• Mike Wallace: The Architect Of Accountability Journalist

    April 9th, 2012

    With the passing of Mike Wallace, the world has lost the architect of accountability journalism.  I do workshops nearly every week at AR&D client TV stations helping reporters develop their skills at asking the accountability questions that hold those in charge responsible for their actions.   It is something viewers demand above all else these days.  The media has access to the politicians and public employees who are spending their hard-earned tax dollars – many of these viewers would say “mis-spending” those monies.  The viewers want answers – and they must rely on the media to get them.

    Mike Wallace raised this tough questioning to an art form.   Harry Reasoner  once said, “There is one thing that Mike can do better than anybody else: With an angelic smile, he can ask a question that would get anyone else smashed in the face.”   How did Wallace get away with it?   He was first and foremost a fearless questioner – but – and probably more importantly – he did his research.  He knew the answer before he asked the question – therefore he cut through the person’s spin – by asking the question the right way the first time – or following up relentlessly until the subject fessed up.

    Mike Wallace had certain famous opening lines he used for this type of questioning.  For instance, “Forgive me for asking….but…”   OR    “Not my words….but some say…”   He used this technique during the Iranian hostage crisis in 1979.   Wallace asked Iran’s Ayatollah Khomeini —  a feared world figure at the time — what he thought about being called “a lunatic” by Egyptian President Anwar Sadat.

    In the 1990′s Mike Wallace landed a rare interview with Barbra Streisand, and mocked her over 20 years of being in psychoanalysis by asking, “What is it you’re trying to find out that takes 20 years?”   That brought tears from Streisand who stammered, “I’m a slow learner.”

    Wallace also was famous for his reaction to some stone-walling or lame answer by someone he was questioning saying  “Oh, come on…”   OR  “What do you mean you have no idea?”  Then he would sit and wait – letting the camera roll until the person felt compelled to say something – usually the answer to the original question.  I recommend this technique to reporters all the time – they don’t have to use the “come on” line – but don’t be afraid to sit there and let the camera roll  – usually the subject of your question will cave and say something to break the silence.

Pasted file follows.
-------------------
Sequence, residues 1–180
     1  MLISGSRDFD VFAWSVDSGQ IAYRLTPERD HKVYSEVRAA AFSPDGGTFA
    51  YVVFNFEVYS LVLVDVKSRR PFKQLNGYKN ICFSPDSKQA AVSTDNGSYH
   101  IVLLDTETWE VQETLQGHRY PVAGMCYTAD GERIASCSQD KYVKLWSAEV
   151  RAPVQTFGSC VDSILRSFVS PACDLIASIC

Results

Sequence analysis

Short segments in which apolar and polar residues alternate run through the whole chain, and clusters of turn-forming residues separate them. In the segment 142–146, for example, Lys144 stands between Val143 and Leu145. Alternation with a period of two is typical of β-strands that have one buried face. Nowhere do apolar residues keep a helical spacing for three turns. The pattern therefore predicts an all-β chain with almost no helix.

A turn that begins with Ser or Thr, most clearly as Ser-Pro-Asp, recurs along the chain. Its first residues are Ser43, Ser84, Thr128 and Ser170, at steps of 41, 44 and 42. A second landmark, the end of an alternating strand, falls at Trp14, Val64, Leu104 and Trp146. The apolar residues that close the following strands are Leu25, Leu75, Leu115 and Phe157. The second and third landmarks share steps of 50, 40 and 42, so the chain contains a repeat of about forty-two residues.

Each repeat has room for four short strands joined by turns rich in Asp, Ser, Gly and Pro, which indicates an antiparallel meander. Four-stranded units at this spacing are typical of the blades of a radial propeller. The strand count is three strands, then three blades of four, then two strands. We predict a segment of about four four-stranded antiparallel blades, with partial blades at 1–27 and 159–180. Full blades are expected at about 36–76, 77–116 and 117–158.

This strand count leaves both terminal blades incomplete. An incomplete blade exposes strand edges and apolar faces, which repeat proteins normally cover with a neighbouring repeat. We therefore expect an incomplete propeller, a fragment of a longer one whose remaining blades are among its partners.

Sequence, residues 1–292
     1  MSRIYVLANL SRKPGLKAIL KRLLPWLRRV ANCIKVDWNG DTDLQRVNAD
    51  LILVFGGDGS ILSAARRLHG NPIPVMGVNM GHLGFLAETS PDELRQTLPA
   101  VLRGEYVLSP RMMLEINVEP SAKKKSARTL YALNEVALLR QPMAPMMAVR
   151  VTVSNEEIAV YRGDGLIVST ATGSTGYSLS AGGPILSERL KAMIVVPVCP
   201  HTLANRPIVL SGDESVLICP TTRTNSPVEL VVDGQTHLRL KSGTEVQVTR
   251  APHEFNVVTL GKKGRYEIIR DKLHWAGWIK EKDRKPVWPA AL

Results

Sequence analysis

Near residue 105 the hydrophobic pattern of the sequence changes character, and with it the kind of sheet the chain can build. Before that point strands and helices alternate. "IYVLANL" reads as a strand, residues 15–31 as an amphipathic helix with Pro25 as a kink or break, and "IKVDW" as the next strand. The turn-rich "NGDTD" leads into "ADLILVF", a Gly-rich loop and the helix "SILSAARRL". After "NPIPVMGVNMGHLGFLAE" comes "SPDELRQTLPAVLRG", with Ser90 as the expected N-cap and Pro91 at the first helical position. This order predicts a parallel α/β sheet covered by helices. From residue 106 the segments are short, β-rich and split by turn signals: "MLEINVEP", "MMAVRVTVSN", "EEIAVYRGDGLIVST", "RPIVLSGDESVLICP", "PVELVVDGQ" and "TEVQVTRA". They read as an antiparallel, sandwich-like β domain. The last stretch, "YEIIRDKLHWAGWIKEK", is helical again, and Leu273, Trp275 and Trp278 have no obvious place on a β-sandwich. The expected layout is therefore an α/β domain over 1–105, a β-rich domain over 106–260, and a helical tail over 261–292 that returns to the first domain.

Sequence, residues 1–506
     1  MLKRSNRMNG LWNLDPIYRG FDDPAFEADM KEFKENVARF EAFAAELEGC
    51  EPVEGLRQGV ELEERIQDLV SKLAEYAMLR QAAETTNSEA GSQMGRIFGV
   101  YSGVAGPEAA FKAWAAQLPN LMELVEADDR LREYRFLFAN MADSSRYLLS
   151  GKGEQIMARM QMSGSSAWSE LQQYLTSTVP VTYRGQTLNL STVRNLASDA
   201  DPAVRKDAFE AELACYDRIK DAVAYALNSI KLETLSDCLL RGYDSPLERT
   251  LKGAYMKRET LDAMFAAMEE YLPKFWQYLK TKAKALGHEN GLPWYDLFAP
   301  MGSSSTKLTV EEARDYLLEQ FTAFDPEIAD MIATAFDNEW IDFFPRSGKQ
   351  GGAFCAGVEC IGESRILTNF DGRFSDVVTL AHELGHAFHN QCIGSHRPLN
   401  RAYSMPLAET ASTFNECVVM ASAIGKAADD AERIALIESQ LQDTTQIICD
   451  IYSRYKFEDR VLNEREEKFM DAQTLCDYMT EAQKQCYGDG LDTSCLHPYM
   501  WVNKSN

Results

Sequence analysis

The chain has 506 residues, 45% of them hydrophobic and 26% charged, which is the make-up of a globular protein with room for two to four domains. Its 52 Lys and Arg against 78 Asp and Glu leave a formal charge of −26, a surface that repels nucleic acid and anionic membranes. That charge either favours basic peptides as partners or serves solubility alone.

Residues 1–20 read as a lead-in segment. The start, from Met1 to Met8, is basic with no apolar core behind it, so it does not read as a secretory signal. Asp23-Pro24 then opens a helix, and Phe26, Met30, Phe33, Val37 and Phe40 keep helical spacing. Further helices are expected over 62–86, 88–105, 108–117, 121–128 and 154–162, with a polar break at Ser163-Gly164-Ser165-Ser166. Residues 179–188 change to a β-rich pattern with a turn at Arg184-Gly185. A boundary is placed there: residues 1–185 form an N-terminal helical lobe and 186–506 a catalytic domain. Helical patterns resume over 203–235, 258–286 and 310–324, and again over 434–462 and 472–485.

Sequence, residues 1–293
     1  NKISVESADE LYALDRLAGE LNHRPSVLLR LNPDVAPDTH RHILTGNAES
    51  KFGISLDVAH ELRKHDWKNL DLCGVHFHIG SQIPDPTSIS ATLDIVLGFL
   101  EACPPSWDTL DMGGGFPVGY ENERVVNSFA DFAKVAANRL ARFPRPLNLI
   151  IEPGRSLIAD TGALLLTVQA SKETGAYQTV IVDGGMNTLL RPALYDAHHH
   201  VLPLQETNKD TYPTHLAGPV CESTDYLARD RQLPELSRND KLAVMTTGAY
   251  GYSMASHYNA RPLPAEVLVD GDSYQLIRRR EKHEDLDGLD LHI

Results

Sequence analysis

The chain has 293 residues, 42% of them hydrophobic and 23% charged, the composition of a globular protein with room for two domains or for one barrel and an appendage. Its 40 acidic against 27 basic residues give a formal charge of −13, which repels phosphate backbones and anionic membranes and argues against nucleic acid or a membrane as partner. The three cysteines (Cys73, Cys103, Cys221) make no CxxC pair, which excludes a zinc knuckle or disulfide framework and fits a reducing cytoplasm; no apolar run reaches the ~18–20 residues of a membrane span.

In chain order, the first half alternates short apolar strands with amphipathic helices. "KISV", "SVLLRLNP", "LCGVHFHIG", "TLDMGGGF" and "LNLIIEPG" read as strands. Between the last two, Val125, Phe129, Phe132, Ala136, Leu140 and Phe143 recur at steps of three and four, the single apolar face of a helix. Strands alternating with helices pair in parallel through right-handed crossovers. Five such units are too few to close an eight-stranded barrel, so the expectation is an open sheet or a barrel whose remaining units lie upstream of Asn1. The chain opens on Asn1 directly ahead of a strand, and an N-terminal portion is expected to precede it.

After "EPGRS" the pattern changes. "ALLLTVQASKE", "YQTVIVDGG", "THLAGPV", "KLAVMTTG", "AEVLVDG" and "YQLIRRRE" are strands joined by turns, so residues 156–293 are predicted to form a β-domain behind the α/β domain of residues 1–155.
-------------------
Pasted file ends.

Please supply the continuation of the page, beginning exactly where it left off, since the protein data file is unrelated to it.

But for all his bravado – Wallace’s greatest asset was being armed with research.  I tell reporters that they MUST know the answer to the question before they ask the question.  That way the politician cannot wiggle off the hook with a lame, stock answer.  Remember this:  Most politicians rehearse answers to your expected questions – so you need to do your research to continue to probe until they give you an actual answer that responds to your actual question.

    With the death of Mike Wallace, the Internet is filled with links to many of his famous interviews.  Spend time to watch some of them – and while you are doing that pay close attention to the demeanor and the questioning techniques exhibited by Wallace.  This will give you a masters degree in the art of accountability journalism.

    In the end, the greatest compliment anyone ever paid Mike Wallace was most likely an advertisement taken out by the Coors Brewing company in the early 80′s.  It said – “The Four Most Dreaded Words in the English Language: Mike Wallace Is Here.”




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